Saturday, June 15, 2013
Nelly May Has Her Say, written by Cynthia DeFelice and illustrated by Henry Cole. Margaret Ferguson Books, Farrar Straus Giroux. Raincoast Books, 2013. $18.99 ages 5 and up
"That's nothing but a mangy old hound dog."
"Certainly not! He is my fur-faced fluffenbarker."
Nelly May sighed. "Your fur-faced Fluffenbarker. Why didn't I guess that?" "Oh, and this thing on the end of the fur-faced fluffenbarker, that goes back and forth..."
I had never heard of the English folktale Master of All Masters. But, I do know it now! In this retelling, Nelly May is in need of a job. She finds one with a wealthy, if eccentric, older man. In accepting the position she must agree to use the language set out for her by her employer. We soon find that Lord Ignasius Pinkwinkle has a particular penchant for elaborate, and often nonsensical, descriptive language:
"It's your bed, which I expect I'll be making up for you."
"Not at all," said Lord Pinkwinkle. "That is not a bed. It is my restful slumberific."
"Your restful slumberific?" asked Nelly May doubtfully. "I never heard of such as that."
"Well, now you have," said Lord Pinkwinkle."
That is just the beginning for poor Nelly May!
As the tale progresses and the language becomes always more cumbersome, it is sure to draw laughter from listeners and some degree of difficulty for the reader. With each new demand for ridiculous language, Nelly May becomes more irreverent. Lord Pinkwinkle continues to ask for her version of the item being discussed and then discounts her description with one of his own:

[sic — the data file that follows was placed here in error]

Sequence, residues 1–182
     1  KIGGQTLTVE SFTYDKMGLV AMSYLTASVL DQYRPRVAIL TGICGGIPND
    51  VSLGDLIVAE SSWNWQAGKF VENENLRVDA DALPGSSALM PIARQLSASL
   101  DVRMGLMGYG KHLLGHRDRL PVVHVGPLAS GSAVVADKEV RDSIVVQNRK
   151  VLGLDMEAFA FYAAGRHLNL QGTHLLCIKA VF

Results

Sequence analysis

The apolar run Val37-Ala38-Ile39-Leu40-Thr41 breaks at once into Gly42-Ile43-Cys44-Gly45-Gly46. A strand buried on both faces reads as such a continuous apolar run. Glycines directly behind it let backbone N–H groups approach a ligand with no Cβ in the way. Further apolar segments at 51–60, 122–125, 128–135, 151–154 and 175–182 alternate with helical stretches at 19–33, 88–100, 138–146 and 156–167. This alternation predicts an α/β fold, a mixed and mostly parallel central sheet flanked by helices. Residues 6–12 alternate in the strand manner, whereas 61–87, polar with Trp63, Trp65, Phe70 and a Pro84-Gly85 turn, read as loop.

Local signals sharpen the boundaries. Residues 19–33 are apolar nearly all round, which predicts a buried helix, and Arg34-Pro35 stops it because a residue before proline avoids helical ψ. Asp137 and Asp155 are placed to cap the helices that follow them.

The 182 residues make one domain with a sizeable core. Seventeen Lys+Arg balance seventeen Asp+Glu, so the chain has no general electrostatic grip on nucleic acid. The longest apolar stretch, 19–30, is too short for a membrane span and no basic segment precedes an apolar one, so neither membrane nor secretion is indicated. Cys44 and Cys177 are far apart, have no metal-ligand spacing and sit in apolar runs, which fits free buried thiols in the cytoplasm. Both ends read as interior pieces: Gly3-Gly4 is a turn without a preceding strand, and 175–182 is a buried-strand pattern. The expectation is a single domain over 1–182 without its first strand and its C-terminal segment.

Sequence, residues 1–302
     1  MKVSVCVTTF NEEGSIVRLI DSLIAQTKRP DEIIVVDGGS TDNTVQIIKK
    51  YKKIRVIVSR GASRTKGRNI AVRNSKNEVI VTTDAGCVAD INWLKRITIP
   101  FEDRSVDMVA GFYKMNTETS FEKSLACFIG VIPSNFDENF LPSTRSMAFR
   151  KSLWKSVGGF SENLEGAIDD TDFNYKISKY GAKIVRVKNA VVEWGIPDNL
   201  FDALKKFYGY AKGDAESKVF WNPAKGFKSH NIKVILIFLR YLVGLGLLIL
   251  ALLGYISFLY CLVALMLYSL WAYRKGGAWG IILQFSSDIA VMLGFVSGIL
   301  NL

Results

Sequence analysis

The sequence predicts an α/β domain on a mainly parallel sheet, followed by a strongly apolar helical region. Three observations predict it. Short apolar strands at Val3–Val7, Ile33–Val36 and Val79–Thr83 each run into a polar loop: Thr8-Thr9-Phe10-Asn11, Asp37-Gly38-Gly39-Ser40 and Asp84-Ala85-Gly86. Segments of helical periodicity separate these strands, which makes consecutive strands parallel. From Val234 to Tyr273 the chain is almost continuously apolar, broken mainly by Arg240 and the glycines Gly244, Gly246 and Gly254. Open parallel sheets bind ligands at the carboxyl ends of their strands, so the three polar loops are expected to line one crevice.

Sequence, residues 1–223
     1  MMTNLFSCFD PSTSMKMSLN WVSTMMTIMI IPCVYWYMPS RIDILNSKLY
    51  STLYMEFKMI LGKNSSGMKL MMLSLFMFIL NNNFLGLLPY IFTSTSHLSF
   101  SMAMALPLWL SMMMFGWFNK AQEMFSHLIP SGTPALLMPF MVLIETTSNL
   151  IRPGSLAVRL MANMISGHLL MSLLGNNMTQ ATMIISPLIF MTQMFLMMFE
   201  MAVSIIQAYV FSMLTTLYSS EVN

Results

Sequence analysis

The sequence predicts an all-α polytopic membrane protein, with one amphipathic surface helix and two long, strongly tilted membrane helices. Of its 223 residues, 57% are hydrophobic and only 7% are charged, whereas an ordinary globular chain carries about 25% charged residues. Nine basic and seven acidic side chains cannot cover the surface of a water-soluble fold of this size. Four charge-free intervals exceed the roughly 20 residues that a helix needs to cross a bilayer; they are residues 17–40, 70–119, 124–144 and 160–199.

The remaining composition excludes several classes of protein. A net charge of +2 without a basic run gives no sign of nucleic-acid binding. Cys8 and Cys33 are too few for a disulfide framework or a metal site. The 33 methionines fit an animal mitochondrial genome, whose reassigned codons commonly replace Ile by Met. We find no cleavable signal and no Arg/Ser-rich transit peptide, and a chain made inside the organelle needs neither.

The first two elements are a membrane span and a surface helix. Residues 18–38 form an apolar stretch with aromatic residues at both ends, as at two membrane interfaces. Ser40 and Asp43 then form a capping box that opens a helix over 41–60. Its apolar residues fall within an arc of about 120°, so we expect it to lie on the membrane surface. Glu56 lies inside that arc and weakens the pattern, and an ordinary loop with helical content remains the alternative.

"Well, most folks would call it a bucket, or maybe a pail," ventured Nelly May. "But there's no telling what you'll be calling it."
"I call it a wet scooperooty, and so must you."
"If I must," said Nelly May."
After all the introductions, Nelly May is finally encouraged to get to the work she was hired to do. Only when a fire threatens the Most Excellent of All Master's roof-topped castleorum does Nelly May take the high road...and quit!
Turns out that is just what is needed for Pinky to see the error of his ways.
Henry Cole's artwork is warm and engaging and adds to the overall appeal of this decidedly humorous tale. Readers will enjoy trying to get their tongues around the silly language concocted by Pinky, before he gets his comeuppance from a slight, but savvy young woman.